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Middle EnglishEdit

Alternative formsEdit


From Old French sion and cion, ciun, chion; ultimately of Germanic origin.[1]


sioun (plural siouns or siounes)

  1. scion
    1. offshoot[1]
      • circa 1300–1305: Land Cokaygne, page 74
        In þe praer is a tre … Þe rote is gingeuir and galingale, Þe siouns beþ al sedwale.
      • circa 1380: John Wycliffe, Select English works, book 1, page 166
        As a sioun mai not bere fruyt but if it stonde stable in þe vyne.
      • 1382–1388: John Wycliffe; The Holy Bible, made from the Latin Vulgate by John Wycliffe and his followers; first edition (1382), Ezekiel 17:6{1}; second edition (1388), Numbers 13:24{2} and Jeremiah 5:10{3}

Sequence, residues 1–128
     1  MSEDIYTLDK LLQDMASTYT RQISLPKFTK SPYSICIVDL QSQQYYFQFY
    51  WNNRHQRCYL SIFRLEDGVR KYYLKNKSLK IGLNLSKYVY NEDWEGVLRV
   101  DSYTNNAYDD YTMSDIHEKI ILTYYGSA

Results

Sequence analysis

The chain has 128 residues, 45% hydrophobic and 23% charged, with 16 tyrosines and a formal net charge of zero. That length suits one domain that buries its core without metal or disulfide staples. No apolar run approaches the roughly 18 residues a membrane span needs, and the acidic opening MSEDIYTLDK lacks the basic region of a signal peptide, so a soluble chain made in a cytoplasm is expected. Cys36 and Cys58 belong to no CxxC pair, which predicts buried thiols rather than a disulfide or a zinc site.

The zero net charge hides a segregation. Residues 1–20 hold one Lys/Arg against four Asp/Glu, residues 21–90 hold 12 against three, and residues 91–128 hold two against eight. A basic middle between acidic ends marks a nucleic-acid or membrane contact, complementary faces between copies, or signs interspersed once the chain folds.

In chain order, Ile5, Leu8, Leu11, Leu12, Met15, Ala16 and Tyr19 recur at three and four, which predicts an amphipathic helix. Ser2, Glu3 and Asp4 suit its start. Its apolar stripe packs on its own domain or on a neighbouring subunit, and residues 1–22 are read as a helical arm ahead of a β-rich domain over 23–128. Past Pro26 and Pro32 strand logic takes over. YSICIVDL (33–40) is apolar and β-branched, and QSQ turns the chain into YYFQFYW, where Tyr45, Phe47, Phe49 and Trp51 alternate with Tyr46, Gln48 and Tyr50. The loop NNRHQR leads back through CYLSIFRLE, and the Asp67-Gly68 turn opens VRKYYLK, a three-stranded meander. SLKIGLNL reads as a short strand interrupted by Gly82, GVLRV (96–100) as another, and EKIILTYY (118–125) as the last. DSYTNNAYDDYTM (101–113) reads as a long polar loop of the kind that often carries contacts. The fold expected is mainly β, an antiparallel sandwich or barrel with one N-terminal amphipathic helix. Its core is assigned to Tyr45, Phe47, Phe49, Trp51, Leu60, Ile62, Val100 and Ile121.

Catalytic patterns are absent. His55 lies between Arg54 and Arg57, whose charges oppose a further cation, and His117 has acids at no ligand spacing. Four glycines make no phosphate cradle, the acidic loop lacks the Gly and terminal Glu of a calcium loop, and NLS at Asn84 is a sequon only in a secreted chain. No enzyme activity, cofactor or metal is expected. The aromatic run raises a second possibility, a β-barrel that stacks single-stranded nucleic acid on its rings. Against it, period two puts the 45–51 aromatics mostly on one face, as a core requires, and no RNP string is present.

{1} Þe sed … is mad in to a vineȝerd & made frut in to siounes [L palmites].
        {2} Thei ȝeden til to the stronde of clustre and kittiden doun a sioun with his grape, which twei men baren in a barre.
        {3} Do ȝe awei the siouns therof, for thei ben not seruauntis of the Lord.
    2. descendant[1]



  1. 1.0 1.1 1.2 sioun” listed on page 943 of the Middle English Dictionary by Robert E. Lewis and John Reidy (1988, University of Michigan Press, →ISBN